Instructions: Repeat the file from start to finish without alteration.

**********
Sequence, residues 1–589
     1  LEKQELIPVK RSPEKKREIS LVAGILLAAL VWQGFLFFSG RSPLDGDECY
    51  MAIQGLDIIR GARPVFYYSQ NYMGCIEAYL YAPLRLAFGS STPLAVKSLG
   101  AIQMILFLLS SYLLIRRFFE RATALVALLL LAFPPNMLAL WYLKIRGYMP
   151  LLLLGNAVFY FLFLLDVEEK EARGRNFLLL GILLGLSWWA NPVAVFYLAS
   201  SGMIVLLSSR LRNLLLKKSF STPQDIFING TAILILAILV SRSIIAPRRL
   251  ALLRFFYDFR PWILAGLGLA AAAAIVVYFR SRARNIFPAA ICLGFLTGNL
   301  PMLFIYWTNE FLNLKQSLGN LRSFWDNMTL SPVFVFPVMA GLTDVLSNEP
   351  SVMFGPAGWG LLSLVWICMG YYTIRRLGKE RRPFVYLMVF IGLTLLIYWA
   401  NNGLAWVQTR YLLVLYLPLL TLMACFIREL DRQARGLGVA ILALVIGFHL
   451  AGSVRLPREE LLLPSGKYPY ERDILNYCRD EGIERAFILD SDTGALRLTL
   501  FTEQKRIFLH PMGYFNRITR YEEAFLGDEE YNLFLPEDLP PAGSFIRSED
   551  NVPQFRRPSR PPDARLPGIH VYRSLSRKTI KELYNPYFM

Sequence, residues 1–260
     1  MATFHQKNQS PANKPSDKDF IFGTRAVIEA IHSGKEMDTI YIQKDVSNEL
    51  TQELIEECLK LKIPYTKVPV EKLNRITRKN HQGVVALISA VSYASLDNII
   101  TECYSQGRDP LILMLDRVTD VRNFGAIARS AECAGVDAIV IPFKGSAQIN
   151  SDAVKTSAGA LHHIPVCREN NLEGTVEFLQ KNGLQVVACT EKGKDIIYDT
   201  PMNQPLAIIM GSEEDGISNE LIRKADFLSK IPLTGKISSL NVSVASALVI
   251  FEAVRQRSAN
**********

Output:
Sequence, residues 1–589
     1  LEKQELIPVK RSPEKKREIS LVAGILLAAL VWQGFLFFSG RSPLDGDECY
    51  MAIQGLDIIR GARPVFYYSQ NYMGCIEAYL YAPLRLAFGS STPLAVKSLG
   101  AIQMILFLLS SYLLIRRFFE RATALVALLL LAFPPNMLAL WYLKIRGYMP
   151  LLLLGNAVFY FLFLLDVEEK EARGRNFLLL GILLGLSWWA NPVAVFYLAS
   201  SGMIVLLSSR LRNLLLKKSF STPQDIFING TAILILAILV SRSIIAPRRL
   251  ALLRFFYDFR PWILAGLGLA AAAAIVVYFR SRARNIFPAA ICLGFLTGNL
   301  PMLFIYWTNE FLNLKQSLGN LRSFWDNMTL SPVFVFPVMA GLTDVLSNEP
   351  SVMFGPAGWG LLSLVWICMG YYTIRRLGKE RRPFVYLMVF IGLTLLIYWA
   401  NNGLAWVQTR YLLVLYLPLL TLMACFIREL DRQARGLGVA ILALVIGFHL
   451  AGSVRLPREE LLLPSGKYPY ERDILNYCRD EGIERAFILD SDTGALRLTL
   501  FTEQKRIFLH PMGYFNRITR YEEAFLGDEE YNLFLPEDLP PAGSFIRSED
   551  NVPQFRRPSR PPDARLPGIH VYRSLSRKTI KELYNPYFM

Sequence, residues 1–260
     1  MATFHQKNQS PANKPSDKDF IFGTRAVIEA IHSGKEMDTI YIQKDVSNEL
    51  TQELIEECLK LKIPYTKVPV EKLNRITRKN HQGVVALISA VSYASLDNII
   101  TECYSQGRDP LILMLDRVTD VRNFGAIARS AECAGVDAIV IPFKGSAQIN
   151  SDAVKTSAGA LHHIPVCREN NLEGTVEFLQ KNGLQVVACT EKGKDIIYDT
   201  PMNQPLAIIM GSEEDGISNE LIRKADFLSK IPLTGKISSL NVSVASALVI
   251  FEAVRQRSAN